Watched: July 11 2018
Director: Edmond T. Gréville
Starring: Gillian Hills, David Farrar, Noëlle Adam, Christopher Lee, Adam Faith, Oliver Reed
Runtime: 1h 29min
Jennifer (Hills) is a poor little rich girl with daddy issues and a need to distinguish herself and find her identity. She spends her time with sort-of boyfriend Dave (Faith), a musician with a magical guitar that can play all instruments, and his beatnik friends in a bar in Soho.
When her rich architect dad Paul (Farrar) brings home his new French wife Nichole (Adam), Jennifer is less than impressed. She rejects all of Nichole’s attempts at forming a relationship, even though her new stepmom might just be the only one who really tries to understand the girl.
Paul is more interested in his vision of a future city he wants to build than he is in his daughter, which drives Jennifer to increasingly risky behaviour to get his attention. When a local stripper recognizes Nichole, Jennifer makes it her mission to dig up dirt from her stepmother’s past, which puts her on the radar of dangerous strip club owner Kenny (Lee).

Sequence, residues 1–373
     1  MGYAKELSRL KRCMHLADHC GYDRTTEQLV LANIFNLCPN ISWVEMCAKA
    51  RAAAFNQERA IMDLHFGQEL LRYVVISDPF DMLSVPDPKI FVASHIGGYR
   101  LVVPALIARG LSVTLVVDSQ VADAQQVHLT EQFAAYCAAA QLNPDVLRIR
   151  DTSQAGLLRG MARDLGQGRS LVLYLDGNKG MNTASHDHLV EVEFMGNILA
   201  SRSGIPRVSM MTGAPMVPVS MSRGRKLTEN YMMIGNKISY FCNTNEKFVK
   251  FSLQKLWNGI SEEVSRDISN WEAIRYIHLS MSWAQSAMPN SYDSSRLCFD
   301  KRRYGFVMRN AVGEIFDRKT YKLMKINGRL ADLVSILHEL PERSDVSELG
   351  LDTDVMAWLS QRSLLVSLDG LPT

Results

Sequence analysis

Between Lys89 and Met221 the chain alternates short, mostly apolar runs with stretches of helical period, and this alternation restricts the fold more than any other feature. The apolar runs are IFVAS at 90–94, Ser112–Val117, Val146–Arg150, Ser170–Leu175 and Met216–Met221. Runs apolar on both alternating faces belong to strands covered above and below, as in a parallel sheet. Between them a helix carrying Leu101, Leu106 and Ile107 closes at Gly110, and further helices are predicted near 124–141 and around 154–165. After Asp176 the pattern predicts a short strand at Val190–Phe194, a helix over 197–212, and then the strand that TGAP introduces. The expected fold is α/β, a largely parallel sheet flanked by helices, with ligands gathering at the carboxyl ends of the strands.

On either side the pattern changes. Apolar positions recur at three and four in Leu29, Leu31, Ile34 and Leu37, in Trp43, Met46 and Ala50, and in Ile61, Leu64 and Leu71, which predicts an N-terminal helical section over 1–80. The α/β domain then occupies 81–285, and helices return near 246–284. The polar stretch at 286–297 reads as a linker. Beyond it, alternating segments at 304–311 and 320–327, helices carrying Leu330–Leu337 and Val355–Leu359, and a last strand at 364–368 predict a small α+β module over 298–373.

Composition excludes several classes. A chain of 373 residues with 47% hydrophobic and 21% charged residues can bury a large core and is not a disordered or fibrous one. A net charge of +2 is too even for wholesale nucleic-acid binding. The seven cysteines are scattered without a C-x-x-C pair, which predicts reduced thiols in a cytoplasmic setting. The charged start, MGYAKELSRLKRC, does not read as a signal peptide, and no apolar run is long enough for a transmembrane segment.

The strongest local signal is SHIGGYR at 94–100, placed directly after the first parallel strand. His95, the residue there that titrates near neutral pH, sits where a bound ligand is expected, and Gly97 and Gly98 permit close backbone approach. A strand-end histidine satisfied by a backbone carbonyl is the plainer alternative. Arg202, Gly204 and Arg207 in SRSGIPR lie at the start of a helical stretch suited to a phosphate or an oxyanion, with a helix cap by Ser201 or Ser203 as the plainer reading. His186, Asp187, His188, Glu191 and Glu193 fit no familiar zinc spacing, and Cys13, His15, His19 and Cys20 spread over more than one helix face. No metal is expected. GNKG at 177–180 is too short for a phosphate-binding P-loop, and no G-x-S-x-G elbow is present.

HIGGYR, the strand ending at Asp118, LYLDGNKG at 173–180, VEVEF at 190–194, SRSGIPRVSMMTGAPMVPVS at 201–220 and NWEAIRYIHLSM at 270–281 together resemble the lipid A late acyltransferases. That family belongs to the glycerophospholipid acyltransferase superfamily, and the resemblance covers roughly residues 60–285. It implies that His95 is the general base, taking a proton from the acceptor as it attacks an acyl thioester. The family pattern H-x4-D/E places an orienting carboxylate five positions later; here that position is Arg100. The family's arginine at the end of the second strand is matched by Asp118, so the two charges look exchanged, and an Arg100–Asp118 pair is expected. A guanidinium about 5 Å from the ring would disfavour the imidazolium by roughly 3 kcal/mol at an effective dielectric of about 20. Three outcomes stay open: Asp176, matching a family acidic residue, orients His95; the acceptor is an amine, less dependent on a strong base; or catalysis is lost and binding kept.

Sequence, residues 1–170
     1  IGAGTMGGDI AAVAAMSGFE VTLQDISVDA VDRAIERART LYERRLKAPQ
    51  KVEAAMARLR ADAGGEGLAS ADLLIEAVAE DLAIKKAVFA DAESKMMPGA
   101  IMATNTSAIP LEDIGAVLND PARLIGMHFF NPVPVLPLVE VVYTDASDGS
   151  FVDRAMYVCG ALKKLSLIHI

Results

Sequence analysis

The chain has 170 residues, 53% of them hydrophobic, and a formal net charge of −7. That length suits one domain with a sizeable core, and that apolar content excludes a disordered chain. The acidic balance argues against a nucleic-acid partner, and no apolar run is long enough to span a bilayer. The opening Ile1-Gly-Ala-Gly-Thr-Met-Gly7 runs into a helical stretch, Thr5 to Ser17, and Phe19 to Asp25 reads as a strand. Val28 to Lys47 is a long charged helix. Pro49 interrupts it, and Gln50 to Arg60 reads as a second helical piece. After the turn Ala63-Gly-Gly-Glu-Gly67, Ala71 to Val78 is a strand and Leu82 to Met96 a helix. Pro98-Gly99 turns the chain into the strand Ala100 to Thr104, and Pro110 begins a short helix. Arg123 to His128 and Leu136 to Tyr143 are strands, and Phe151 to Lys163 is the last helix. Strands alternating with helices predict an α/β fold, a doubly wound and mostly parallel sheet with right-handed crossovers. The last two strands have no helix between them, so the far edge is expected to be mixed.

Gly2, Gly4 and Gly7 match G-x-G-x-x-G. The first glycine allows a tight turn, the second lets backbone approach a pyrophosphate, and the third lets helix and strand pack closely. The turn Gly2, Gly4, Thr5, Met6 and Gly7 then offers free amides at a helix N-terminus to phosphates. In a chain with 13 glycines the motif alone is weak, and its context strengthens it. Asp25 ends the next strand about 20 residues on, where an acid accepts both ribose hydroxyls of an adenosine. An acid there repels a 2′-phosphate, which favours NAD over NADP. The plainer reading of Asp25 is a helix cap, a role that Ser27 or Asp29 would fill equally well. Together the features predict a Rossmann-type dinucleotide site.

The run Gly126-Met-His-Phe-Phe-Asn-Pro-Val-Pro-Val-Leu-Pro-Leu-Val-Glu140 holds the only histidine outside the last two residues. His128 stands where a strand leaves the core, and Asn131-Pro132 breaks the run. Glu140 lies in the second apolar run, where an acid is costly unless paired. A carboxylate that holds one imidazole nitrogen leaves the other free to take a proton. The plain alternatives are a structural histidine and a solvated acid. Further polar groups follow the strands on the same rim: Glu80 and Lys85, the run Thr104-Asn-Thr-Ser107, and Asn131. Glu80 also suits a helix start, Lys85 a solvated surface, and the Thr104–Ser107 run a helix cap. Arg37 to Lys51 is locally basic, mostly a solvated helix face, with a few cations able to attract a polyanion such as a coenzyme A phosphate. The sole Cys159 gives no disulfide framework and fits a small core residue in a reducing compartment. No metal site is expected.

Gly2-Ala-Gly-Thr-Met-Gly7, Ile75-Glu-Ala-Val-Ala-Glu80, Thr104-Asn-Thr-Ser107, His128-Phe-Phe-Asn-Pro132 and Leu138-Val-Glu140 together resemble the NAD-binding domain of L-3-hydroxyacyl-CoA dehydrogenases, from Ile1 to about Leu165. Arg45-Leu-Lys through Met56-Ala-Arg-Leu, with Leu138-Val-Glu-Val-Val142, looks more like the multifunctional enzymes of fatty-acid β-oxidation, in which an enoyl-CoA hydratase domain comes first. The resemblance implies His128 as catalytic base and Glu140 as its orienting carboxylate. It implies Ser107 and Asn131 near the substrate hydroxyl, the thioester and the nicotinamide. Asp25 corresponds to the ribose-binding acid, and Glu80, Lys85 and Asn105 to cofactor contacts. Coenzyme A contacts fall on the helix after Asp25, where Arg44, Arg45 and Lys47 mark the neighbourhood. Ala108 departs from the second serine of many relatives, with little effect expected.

We really enjoyed Beat Girl despite our sympathy for Jennifer being a bit limited. Maybe we’re too old to empathise completely with a spoiled girl playing at being special and shocking, although we can understand her motivation and we like that she shows some spunk and self-preservation, especially in her dealings with Kenny.
Still, she’s a bit of a pretentious bitch. However, we loved the opening scene, the music (by John Barry), the now dated slang used by the teenagers, and the very salacious strip tease.
It’s a well-scored and interesting perspective on the disenfranchised post-war generation and well worth watching.
What we learned: Play with fire and you’ll get burnt. Also, we need Dave’s magical guitar!
Next time: Black Sunday (1960)